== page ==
Heidegger extolled language as the “house of being” but Peter Weltner in this exquisite and deeply moving new collection finds it “betrayed by lies spouted each moment in every known tongue.” Daring “to be ceremonial” in face of our constitutive dishonesty, Weltner’s poetic craft is revelatory, allowing the singular things of the world to show themselves. Weltner’s temporal horizon is “unbecoming” in two ways. On the one hand, it is the wistful, implacable, and often elegiac flow of time—“Most of the men I knew then have died. Every day I think of them.”  And “Why must I leave you, the earth I love?” as even “memory’s streams” are “fated to flow seaward.” On the other hand, these poems enact a powerful unbecoming of time, momentarily halting its flow so that the silent preciousness of the past becomes audible. These are compassionate, appreciative yet doleful epiphanies in which the grace of what has been comes forth as it is also slipping away. “One last, uncertain glimpse of earth is all I ask from dying: to leave the life I love, forgiven and forgiving.”   This is a book to help us with our living and dying in a time of seemingly endless chatter.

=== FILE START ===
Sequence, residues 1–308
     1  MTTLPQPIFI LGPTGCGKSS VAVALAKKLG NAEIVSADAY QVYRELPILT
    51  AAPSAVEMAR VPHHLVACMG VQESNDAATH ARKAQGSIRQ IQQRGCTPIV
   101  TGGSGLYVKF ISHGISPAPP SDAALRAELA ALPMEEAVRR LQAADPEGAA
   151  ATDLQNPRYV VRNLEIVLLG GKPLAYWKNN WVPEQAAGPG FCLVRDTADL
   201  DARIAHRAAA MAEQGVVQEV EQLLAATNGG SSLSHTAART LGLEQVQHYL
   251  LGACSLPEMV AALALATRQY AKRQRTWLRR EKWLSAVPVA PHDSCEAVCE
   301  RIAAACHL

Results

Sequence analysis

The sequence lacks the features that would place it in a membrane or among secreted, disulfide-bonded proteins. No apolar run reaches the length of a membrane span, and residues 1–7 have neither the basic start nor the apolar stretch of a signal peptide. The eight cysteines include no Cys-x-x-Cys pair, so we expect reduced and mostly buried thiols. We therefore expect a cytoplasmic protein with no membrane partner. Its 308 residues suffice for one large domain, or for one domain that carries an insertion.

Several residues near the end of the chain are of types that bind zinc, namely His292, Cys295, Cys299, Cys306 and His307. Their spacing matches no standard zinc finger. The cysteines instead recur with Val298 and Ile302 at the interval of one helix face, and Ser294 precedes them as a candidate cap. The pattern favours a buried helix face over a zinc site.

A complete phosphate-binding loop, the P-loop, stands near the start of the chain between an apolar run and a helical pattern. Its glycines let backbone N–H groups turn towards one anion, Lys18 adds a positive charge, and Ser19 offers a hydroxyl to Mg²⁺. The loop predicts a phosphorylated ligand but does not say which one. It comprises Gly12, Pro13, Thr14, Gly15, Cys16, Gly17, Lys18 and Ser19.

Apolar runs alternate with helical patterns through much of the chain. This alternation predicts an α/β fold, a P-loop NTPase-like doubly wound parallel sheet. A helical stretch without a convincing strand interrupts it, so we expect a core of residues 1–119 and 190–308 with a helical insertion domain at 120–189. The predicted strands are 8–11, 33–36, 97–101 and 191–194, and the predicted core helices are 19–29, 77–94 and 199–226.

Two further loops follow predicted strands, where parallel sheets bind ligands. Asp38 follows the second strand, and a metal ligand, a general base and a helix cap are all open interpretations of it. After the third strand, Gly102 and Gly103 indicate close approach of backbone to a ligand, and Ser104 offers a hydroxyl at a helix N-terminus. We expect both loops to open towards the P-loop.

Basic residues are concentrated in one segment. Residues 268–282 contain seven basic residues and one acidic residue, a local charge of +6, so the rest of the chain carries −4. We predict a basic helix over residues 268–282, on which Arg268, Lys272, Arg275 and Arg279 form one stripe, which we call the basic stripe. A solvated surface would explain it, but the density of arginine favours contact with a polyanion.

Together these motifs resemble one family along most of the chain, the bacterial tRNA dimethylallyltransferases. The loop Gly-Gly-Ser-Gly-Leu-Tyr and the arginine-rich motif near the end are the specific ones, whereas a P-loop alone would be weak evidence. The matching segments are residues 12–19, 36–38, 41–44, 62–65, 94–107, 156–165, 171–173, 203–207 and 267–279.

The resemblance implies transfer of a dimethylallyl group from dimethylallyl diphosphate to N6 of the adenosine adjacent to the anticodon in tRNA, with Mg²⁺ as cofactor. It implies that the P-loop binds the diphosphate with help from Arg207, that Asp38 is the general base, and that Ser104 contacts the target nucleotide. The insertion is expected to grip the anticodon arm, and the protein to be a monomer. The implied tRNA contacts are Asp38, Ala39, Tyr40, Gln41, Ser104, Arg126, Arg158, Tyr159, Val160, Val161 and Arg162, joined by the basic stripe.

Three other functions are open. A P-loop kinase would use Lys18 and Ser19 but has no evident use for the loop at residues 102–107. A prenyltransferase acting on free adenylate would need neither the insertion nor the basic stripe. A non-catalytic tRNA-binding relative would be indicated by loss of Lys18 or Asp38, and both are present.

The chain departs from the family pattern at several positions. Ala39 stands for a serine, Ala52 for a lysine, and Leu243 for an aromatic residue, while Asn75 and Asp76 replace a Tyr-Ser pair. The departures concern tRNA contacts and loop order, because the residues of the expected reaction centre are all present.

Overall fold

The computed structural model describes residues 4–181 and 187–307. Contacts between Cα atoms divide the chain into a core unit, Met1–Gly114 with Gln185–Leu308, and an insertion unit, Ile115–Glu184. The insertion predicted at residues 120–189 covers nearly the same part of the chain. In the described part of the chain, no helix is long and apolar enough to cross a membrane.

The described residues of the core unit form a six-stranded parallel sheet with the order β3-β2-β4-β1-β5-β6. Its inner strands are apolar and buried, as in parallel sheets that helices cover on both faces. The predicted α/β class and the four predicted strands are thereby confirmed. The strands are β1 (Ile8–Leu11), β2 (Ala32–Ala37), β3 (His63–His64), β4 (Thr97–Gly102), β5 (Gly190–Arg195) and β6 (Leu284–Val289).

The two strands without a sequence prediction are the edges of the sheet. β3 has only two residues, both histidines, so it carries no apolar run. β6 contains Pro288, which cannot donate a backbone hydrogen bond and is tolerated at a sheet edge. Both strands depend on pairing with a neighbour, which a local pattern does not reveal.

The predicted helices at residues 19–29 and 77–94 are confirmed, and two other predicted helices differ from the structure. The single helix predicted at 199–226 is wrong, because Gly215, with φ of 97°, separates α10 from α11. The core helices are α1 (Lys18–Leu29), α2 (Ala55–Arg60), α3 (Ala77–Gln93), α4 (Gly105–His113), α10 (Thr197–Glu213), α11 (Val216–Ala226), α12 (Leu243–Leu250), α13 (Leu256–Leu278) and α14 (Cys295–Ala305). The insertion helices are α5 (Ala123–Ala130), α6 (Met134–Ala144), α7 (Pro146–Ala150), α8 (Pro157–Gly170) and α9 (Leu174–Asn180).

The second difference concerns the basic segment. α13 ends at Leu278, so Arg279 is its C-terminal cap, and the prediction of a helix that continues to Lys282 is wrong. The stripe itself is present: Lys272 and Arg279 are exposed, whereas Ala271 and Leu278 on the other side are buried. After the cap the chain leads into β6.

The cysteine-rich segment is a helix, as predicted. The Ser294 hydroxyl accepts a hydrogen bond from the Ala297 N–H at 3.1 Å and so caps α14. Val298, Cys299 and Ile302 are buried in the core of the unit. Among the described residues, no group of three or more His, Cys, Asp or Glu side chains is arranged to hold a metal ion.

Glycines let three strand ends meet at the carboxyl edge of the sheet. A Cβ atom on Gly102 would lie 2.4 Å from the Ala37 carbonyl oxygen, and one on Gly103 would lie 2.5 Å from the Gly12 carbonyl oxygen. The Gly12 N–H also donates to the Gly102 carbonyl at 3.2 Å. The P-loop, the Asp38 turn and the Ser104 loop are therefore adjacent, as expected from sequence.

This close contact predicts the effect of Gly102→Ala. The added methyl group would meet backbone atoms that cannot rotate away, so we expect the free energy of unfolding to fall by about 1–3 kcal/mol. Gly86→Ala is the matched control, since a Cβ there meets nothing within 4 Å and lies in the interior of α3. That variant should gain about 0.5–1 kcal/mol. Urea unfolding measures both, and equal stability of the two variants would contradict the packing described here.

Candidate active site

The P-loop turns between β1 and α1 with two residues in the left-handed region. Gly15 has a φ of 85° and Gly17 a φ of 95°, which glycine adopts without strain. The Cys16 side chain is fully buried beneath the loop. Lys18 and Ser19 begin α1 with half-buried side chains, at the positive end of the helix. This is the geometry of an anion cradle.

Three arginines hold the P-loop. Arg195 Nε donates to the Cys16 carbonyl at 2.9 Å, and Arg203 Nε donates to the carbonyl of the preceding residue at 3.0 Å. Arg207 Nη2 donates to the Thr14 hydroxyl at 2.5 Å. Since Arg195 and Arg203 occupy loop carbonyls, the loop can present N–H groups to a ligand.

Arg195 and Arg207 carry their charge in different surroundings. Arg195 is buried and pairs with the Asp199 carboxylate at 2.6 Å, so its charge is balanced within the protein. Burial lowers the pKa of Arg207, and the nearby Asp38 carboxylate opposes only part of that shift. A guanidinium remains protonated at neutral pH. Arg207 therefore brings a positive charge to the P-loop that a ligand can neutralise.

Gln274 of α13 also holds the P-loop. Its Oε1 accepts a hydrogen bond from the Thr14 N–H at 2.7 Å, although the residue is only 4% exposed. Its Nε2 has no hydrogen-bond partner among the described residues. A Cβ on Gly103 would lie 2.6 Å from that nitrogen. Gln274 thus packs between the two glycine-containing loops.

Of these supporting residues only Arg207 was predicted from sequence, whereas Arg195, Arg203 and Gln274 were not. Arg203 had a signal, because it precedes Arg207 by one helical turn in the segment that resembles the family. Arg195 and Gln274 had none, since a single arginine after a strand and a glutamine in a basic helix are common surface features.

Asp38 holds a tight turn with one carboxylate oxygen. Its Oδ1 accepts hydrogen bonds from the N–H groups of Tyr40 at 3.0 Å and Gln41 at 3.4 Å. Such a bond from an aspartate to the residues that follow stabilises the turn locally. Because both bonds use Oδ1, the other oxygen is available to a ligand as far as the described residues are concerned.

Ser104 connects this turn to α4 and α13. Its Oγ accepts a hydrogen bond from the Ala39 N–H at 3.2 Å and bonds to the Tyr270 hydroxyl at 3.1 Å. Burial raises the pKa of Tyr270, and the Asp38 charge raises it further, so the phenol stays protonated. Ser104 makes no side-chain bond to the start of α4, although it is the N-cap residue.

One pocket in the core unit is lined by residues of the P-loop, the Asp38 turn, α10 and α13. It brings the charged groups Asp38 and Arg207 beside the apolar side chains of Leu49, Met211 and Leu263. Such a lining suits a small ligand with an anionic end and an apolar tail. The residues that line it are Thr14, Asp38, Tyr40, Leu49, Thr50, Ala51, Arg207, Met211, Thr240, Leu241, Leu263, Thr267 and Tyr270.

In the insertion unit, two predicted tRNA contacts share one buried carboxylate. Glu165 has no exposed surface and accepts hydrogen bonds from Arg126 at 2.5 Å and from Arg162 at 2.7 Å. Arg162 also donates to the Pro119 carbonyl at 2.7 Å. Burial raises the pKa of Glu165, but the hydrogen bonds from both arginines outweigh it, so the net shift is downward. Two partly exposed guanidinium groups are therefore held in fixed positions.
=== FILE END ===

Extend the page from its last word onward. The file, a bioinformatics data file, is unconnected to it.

Jason M. Wirth, Professor of Philosophy, Seattle University, 


Something Understood

When I was a boy, funerals were no place

for children.  I was left at home to play

with friends.  First grandmother Karen

died, then Louise.  Gone, leaving no trace,

as if one day they’d vanished.  I’d pray

they’d return to me.  Fruitless prayers, barren

hopes.  I stand on a hill of Bay View Cemetery

in Jersey City, a park, docks, the Hudson

below me.  It’s not what we ask of the dead

but what they ask of us that makes

us who we are.  The river enters the sea,

emptying into it, as if its life were done

as ours must be at the end, having said

what we could.  Cargo ships, a cruise liner

plow into the North Atlantic.  To suffer 

departure.  What an ocean gives, it takes

back.  I’m watching its heedless flowing,

feeling the tides, the currents of my dying

inside me, the emptiness of it, my life bidden

to it.  Not mine but my father’s.  “My son, my son.”

                   Peter Weltner, from Unbecoming Time